The contour plots of the DOE for the dependence of deposition efficiency on stand-off distance/current (a), stand-off distance/H2 to Ar ratio (b), and current/H2 to Ar ratio (c) for selected powders

For one powder, 072fc-a1, the influence of the gun power on efficiency (a), hardness (b), and porosity (c) is shown (Fig. 4). It is expected that the deposition efficiency increases with power. However, Fig. 4(a) shows clearly distinct regimes for each H2/Ar value. All different H2/Ar results fall more or less on the same line. This is by far not so clearly visible for the hardness values, here just an increase with power level is observed (Fig. 4b). For the porosity levels, a rather large scatter of the data is observed (Fig. 4c), that was also the reason why the corresponding contour plots were not shown. Although the procedures of metallographic preparation and corresponding image analysis have been standardized, the data seem to be less reliable. Anyhow, also here all the data follow a drop of porosity with increasing power with no distinct steps according to the H2/Ar ratio.

Fig. 4
figure 4

Deposition efficiency (a), hardness (b), and porosity (c) as a function of the gun power for the powder 072fc-a1

In the plots of Fig. 4, the gross power levels are given. As mentioned earlier, the efficiency should increase with increasing hydrogen levels, as one would expect an increased enthalpy in the plasma flame for higher hydrogen contents. This together with the better heat transfer in a hydrogen-containing gas could explain the higher deposition efficiency. On the other hand, the nearly linear dependence of hardness and in part porosity on the power level — without sharp steps for varied H2/Ar ratios — appears not in line with this finding. A possible explanation could be that the heating of the feedstock is changed in a way that more particles are (partially) molten (increasing efficiency); however, these properties in the mean do not generate denser coatings (leading to lower porosity or higher hardness). As it is known that typically hydrogen increases the velocity of the plasma and the particles, the dwell time and, hence the heating, is reduced. A similar effect has the reduced plasma temperature in a hydrogen plasma. However, DPV measurements indicate a reduced velocity and rather constant temperatures with increasing hydrogen amount. Although it is not in line with typical findings in the literature, it could also lead to similar coating properties at different H2/Ar ratios.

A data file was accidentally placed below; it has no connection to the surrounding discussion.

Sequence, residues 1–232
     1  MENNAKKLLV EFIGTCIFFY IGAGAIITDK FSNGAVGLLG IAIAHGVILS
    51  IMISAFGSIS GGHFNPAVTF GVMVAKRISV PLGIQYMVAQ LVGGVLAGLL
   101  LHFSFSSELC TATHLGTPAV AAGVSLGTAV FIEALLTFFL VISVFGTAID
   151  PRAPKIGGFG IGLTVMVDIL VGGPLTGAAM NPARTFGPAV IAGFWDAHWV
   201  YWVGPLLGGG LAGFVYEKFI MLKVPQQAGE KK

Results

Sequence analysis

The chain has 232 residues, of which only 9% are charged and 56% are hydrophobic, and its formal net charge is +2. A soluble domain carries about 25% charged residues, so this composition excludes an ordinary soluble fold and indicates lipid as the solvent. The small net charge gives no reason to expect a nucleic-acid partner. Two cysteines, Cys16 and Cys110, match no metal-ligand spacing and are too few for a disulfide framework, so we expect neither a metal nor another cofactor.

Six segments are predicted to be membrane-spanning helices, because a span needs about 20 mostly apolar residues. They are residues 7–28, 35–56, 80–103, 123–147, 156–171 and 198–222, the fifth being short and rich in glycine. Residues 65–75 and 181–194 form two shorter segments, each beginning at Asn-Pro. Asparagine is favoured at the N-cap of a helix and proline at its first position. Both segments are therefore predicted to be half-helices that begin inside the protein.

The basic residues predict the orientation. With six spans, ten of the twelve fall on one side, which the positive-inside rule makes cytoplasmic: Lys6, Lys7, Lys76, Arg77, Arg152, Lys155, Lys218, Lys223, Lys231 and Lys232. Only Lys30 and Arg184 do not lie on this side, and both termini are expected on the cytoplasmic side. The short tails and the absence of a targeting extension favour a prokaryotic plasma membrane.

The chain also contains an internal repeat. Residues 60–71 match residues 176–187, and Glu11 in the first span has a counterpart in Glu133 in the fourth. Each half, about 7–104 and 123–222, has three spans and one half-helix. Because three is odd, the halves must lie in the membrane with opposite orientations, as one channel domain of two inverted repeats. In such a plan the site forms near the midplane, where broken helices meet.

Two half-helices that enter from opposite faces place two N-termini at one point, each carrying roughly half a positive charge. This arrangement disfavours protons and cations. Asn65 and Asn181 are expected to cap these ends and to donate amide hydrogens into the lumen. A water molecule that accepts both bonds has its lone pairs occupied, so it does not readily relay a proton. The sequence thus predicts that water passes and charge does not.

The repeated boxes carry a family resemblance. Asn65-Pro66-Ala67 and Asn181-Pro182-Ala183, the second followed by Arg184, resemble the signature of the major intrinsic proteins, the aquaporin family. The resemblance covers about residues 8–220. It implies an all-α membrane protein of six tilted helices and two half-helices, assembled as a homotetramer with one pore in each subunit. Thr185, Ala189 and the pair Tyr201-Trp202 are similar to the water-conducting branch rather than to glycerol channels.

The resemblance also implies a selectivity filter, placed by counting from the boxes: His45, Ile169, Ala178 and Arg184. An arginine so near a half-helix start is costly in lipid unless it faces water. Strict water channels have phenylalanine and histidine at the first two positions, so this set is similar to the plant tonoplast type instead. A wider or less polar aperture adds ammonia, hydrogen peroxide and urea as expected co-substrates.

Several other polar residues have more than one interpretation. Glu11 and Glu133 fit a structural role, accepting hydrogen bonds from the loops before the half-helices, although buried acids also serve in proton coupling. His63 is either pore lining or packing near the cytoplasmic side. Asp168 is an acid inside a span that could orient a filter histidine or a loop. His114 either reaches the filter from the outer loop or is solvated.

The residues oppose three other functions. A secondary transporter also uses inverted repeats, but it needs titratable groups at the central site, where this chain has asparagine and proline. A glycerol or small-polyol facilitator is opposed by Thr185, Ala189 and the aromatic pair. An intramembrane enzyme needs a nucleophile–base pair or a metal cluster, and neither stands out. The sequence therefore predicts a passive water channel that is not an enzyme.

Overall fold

From the DOE results, a parameter set was selected which gave the best properties with respect to deposition efficiency, hardness, and porosity. This parameter set was a current of 700 A and a H2/Ar ratio of0.3158 resulting in a power of 47.2 kW. To keep the substrate temperature below 250 °C, a stand-off distance of 110 mm was chosen. For these parameters, the calculated and the measured values, DE 50.3%/49.0%, porosity 10.7%/9.1%, HV0.3 908.3/907.5, respectively, were in very good agreement. The micrographs of the coatings from the different powders sprayed with this set are shown in Fig. 5. The deposition efficiencies of the powders were in the range between 47 and 59% with the exception of powder 072fc-a2 for which a value of 28% was determined. This might be related to the fine particle size and a non-optimal penetration in the plasma plume. However, it is unclear why this was not observed for the 052fc-a powder which had a similar particle size. The low efficiency led to a rather low coatings thickness of 170 μm using 10 passages. Also for the powder 072ac-a only a low thickness of 230 μm was obtained for the same conditions, in this case due to the lower powder density (see Fig. 1). The typical coating thickness of the other powders used for the further investigations was about 400 μm.

Fig. 5
figure 5

Laser microscope images of coatings of the powders sprayed with the identified optimal conditions, the figures (a)-(i) correspond to the powders 028as-a1 to 094 fc-a (s. Table 1)

XRD results of several of the coatings are presented in Fig. 6. As expected, coatings from the MgO-rich powders have a binary phase composition consisting of MgO and spinel, and coatings from MgO lean powders show mainly the γ-alumina phase. For the near stoichiometric powders, the spinel phase is dominant.

Fig. 6
figure 6

Estimated phase analysis results (see text) of several of the sprayed MgO/Al2O3 coatings

It should be pointed out that a quantitative evaluation of the XRD patterns was due to surface effects, unknown amounts of amorphous phase and strong texturing difficult. So, the results presented in Fig. 6 have to be treated with care. In addition, also the similarity of the crystal structures of γ-alumina and Mg1-xAl2+xO4-x (0 ≤ x ≤ 1) can result in further uncertainties. It has also to be stated that in the coating 028as-a1 the MgO phase contains a rather large amount of substoichiometric Mg1-xO. A further outcome of the investigation is that in the alumina-rich coating (094fc-a) mainly γ-alumina is present. In all coatings, no α-alumina was found.